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Alex Kacik

Home health providers will look to significantly expand their telehealth offerings as they curtail their therapy services, according to a new survey.

The number of home health agencies that use telehealth services like remote patient monitoring, virtual consultations and medication management technology will double over the next two years, according to Definitive Healthcare’s home health study that polled 159 providers in October. More than 53% of respondents indicated that they will use telehealth services within the next two years, up from around 21% currently.

Notably, no home health agencies said they would be expanding their occupational, physical and speech therapy, which more than 85% of the organizations currently provide.

“There’s no doubt the healthcare industry is facing a massive shift that will affect all sectors,” said Curtis Gattis, CEO of the health-tech company LeadingReach, citing the aging population and prevalence of chronic conditions. “Our need for physicians in every specialty is only going to increase. Expanding and growing telehealth offerings in home health and across the entire healthcare industry will help meet this need.”

But virtual care will require better care coordination and communication between providers as the industry adapts to the burgeoning technology, Gattis added.

The home health sector has been preparing for the implementation of the new Patient-Driven Groupings Model, which will no longer base pay on therapy hours and will reimburse 30-day periods of care instead of 60-day stints come Jan. 1. The new pay model is meant to shift the focus from the volume of services provided to one that relies on patient characteristics. Home health agencies that have focused on therapy almost exclusively could see significant revenue declines, according to a recent report from Trella Health.

A similar model was implemented for skilled-nursing facilities on Oct. 1, which prompted a massive workforce restructuring. Occupational therapists, physical therapists and speech-language pathologists who work in home health have reached out to Modern Healthcare, saying they have been laid off or experienced significant pay cuts. Many are concerned that patient care will be diminished as a result.

The CMS said that it will “continue to monitor the amount of therapy provided via the different modes and we will consider revising the policy and enforcement efforts as necessary.”

A recent survey by the National Association for Home Care & Hospice found that 48% of 685 home health providers polled indicated that they plan to decrease therapy utilization by at least 10% in 2020.

While therapy services are poised to decline, home health providers are looking to grow their specialized care offerings. Palliative care, veteran-specific care and mental health services are projected to grow the most over the next two years, according to Definitive’s report. Less than 41% of the home health agencies surveyed currently offer those services; the most common specialty services are wound care, cardiac diseases, COPD, diabetes, joint replacement and degenerative diseases.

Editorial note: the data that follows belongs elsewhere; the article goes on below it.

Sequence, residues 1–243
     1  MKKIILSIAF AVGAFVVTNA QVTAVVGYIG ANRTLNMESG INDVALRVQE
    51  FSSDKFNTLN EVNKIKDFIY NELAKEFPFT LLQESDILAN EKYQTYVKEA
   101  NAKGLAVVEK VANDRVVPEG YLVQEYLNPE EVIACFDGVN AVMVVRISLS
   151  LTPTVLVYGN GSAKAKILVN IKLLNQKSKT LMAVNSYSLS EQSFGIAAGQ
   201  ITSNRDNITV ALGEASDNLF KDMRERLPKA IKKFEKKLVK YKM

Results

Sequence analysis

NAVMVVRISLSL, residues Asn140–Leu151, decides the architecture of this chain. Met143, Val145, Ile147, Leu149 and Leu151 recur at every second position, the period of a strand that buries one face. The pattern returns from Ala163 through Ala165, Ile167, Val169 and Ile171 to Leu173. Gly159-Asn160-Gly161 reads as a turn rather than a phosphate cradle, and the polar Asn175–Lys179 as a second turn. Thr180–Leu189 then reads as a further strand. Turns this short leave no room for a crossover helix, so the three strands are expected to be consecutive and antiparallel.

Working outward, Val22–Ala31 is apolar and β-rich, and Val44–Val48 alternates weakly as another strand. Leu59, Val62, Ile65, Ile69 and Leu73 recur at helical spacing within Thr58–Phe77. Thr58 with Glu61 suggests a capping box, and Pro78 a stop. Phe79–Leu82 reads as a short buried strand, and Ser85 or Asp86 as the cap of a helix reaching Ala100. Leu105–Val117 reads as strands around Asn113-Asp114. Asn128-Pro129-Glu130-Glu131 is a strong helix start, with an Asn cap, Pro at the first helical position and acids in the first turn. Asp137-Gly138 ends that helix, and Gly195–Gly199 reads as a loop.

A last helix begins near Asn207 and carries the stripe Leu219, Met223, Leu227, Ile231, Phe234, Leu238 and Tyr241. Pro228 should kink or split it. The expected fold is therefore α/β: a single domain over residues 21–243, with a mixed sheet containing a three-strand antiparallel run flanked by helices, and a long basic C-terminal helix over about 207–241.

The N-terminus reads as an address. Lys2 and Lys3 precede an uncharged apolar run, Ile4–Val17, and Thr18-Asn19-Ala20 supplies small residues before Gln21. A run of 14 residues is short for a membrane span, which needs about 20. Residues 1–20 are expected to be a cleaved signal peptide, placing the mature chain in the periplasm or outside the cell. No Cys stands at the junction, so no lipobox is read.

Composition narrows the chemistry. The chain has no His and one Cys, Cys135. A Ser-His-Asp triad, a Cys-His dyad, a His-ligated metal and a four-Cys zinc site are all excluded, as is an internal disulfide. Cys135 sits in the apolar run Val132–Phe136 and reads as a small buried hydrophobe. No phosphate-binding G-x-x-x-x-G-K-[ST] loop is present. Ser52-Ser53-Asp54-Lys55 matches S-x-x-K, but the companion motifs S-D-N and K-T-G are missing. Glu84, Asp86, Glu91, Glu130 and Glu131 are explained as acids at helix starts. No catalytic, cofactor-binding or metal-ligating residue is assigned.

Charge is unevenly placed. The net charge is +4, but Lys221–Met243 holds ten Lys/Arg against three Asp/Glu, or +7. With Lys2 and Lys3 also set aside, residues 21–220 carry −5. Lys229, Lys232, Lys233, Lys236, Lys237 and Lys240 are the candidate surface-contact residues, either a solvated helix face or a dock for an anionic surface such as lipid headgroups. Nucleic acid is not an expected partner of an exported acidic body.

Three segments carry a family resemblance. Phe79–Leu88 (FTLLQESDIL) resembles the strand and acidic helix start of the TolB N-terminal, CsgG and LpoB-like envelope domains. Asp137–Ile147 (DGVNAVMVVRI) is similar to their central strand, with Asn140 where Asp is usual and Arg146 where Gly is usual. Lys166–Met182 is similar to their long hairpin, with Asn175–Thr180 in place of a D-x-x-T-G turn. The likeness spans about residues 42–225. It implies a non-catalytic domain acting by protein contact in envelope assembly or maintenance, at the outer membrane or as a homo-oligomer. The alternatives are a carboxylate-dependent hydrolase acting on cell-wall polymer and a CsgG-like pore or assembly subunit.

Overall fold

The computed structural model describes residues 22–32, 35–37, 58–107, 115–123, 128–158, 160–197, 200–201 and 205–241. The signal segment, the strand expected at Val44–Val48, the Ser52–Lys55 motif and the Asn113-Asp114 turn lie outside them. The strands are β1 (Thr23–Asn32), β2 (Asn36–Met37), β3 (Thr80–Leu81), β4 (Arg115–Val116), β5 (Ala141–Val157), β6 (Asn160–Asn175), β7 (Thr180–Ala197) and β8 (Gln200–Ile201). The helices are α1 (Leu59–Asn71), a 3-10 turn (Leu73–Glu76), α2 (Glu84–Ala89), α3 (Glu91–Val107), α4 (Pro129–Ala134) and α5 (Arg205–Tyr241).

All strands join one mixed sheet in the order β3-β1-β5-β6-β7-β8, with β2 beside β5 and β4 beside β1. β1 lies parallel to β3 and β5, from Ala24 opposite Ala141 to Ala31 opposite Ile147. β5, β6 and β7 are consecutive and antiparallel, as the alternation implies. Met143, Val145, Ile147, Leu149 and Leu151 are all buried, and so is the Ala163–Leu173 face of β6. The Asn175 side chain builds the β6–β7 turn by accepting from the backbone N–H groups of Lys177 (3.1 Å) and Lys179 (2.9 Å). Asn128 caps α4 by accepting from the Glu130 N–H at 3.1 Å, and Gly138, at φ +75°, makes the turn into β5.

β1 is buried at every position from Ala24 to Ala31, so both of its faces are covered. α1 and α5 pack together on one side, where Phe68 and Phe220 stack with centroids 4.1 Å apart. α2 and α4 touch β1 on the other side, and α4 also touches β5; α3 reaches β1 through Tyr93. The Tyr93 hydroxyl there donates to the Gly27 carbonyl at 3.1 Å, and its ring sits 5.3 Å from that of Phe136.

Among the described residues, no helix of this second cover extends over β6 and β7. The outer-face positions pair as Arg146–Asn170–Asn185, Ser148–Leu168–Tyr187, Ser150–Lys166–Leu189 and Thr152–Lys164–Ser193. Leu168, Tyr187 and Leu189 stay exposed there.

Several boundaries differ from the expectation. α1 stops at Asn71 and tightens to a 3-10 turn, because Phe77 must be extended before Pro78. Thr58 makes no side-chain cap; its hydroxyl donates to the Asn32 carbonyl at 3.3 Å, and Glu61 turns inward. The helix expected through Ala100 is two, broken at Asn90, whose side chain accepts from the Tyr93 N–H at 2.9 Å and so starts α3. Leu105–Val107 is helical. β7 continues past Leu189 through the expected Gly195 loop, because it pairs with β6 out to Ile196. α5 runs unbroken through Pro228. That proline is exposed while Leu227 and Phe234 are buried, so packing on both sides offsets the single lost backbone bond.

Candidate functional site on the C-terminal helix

“Home health agencies are tailoring their care to specific disease states or conditions, which seems to be more common than it had been,” said Matt Valley, a senior healthcare analyst at Definitive.

But finding and hiring quality staff seems to stand in their way, with 61.6% conveying that as being their greatest challenge. The home healthcare industry is projected to grow 36% by 2028, estimated to add over 1 million jobs in the process, according to the Bureau of Labor Statistics.

The next biggest obstacles were profitability, the uncertain regulatory landscape and payer coverage, particularly when it comes to telehealth.

“Finding qualified staff isn’t just an issue for home health agencies,” Valley said. “But it could be magnified in an expanding sector.”

As home health providers look to mitigate staffing shortages through new technology that aims to automate data entry, improve communication and streamline payment, the CMS has been seemingly supportive of home-based care.

Beyond its Medicare demonstration pilots, the agency loosened restrictions this year in Medicare Advantage that facilitated in-home aid with bathing, dressing, cooking and other tasks. It also allowed plans to pay for palliative care in the home.

In 2020, the agency will reimburse Medicare Advantage plans that expand their in-home coverage of patients with chronic conditions. A home infusion therapy benefit, which will cover professional services, patient education and monitoring for in-home medication delivery, will kick in in 2021.

“This could open the door for massive growth in home healthcare,” Valley said.

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